Now while we are by no means prepared to sanction the idea last named, yet we have no hesitation whatever in saying that we much prefer it to the presumptuous claims now being made by so many. Far rather would we cast in our lot with a company of lowly, pensive, self-distrustful people, who exclaim, "’Tis a point I long to know, Oft it causes anxious thought, Do I love the Lord or no, Am I His, or am I not?," than fraternize with those who never have a doubt of their acceptance with Christ, but who are self-complacent and haughty, and whose daily walk compares most unfavorably with the former. Better far to be weighed down by a sense of my vileness and go mourning all my days over lack of conformity to Christ, than to remain ignorant of my real state and go about light-hearted and light-headed, wearing a smile all the time.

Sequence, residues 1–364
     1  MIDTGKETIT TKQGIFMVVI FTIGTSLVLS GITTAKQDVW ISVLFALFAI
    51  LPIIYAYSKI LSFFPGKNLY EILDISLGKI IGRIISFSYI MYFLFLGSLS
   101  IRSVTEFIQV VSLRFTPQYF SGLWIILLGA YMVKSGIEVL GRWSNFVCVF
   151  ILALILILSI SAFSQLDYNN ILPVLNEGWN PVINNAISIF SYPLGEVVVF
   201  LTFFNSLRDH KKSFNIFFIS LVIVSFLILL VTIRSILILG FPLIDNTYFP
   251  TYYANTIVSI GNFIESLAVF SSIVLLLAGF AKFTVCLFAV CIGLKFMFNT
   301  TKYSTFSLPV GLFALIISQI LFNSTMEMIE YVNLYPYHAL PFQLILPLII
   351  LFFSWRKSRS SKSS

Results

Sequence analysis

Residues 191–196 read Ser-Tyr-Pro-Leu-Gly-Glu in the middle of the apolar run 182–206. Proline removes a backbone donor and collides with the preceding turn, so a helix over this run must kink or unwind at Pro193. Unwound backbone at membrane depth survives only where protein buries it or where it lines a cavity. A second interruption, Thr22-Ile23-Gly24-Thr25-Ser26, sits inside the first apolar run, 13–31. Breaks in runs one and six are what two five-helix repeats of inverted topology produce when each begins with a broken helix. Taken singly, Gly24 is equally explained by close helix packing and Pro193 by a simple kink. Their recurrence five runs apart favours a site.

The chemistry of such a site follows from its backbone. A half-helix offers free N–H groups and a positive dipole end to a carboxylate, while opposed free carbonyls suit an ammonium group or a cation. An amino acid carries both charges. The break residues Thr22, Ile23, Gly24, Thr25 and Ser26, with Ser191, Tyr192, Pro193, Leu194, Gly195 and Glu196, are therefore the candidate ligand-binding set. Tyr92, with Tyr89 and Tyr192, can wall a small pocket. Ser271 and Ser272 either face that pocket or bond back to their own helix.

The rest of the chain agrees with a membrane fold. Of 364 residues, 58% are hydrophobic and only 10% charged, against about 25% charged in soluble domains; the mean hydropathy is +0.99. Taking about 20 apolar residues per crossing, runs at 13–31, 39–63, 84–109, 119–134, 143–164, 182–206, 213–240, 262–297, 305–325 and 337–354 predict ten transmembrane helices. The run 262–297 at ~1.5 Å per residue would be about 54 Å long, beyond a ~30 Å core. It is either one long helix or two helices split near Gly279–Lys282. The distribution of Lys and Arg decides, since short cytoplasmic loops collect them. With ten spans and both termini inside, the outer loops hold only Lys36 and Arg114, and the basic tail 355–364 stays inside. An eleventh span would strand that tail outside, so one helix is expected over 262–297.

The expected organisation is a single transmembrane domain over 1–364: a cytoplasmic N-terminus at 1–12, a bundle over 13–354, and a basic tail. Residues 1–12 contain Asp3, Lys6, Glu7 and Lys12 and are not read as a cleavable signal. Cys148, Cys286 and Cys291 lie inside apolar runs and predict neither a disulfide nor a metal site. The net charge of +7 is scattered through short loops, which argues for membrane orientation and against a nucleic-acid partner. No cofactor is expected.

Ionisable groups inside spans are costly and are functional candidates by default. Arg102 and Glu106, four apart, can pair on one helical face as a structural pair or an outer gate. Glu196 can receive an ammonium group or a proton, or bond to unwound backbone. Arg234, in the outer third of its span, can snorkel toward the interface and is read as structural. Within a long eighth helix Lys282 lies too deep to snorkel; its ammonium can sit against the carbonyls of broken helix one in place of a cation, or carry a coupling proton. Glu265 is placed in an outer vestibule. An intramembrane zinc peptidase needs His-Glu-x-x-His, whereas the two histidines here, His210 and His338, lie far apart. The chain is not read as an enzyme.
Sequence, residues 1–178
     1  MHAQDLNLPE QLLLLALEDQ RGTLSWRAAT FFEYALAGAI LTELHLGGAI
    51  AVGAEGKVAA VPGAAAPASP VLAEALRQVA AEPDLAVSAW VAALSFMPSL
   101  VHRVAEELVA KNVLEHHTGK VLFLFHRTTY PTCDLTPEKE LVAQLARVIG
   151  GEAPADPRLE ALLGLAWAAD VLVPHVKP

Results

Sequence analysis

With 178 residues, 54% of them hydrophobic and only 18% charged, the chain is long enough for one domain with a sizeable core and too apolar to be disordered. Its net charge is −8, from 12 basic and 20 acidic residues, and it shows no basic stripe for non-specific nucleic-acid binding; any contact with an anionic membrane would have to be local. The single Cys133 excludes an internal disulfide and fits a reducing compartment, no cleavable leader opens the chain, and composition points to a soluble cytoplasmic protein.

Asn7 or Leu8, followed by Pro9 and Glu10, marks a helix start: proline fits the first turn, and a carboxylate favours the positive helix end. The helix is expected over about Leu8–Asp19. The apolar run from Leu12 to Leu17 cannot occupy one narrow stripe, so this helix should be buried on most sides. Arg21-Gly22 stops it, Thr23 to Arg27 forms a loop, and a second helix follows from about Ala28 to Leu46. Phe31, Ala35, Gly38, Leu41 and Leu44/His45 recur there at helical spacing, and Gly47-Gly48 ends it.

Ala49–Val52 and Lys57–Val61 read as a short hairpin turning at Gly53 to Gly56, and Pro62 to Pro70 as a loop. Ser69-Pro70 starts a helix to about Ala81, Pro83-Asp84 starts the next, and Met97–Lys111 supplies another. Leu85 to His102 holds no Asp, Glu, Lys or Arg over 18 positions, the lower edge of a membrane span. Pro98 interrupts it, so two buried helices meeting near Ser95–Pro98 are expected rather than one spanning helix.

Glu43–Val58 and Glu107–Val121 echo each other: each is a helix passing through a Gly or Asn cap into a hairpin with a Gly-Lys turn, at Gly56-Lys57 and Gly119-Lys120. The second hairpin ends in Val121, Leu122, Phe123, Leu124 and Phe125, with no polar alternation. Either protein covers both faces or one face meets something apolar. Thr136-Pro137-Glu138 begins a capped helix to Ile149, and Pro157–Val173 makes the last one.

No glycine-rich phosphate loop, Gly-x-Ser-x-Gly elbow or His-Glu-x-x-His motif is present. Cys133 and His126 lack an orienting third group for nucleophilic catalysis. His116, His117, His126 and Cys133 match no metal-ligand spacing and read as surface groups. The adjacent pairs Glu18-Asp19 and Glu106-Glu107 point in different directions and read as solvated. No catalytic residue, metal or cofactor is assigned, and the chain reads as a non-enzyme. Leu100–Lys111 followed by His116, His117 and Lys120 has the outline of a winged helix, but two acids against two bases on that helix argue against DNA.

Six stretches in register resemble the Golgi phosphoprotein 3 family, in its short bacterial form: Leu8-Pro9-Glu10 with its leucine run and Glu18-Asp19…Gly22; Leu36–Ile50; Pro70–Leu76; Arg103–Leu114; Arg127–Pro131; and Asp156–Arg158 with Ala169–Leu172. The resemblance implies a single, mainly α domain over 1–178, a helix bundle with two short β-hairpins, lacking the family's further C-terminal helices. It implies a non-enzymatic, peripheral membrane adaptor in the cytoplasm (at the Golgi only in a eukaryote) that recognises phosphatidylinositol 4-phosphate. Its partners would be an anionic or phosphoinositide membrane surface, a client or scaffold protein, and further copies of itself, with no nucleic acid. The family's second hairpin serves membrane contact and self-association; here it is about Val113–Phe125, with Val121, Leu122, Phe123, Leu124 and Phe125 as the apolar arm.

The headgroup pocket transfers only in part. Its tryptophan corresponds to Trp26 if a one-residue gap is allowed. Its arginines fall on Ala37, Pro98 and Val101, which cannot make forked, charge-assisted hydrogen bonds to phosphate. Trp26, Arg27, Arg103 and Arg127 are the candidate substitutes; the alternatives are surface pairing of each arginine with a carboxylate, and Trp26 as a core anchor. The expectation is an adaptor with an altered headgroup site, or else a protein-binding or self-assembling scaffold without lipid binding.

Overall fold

But surely there is a happy medium between spending most of my days in Doubting Castle and the Slough of Despond so that I am virtually a stranger to "the joy of the Lord," and experiencing a false peace from Satan which is never disturbed by the voice of conscience. Holy assurance and lowly heartedness are not incompatible. The same apostle who cried, "0 wretched man that I am! who shall deliver me from the body of this death?" (Rom. 7:24), also declared, "I know whom I have believed, and am persuaded that he is able to keep that which I have committed unto him" (2 Tim. 1:12). "As sorrowful, yet always rejoicing" (2 Cor. 6:10) summed up his dual experience. We too are "sorrowful" daily if God has opened our eyes to see something of the mass of corruption which still indwells us; "sorrowful" too when we perceive how far, far short we come of the example which Christ has left us. Yet we also "rejoice" because God has not left us in ignorance of our dreadful state, that He has planted within us deep yearnings after holiness, and because we know these yearnings will be fully realized when we are freed from this body of death.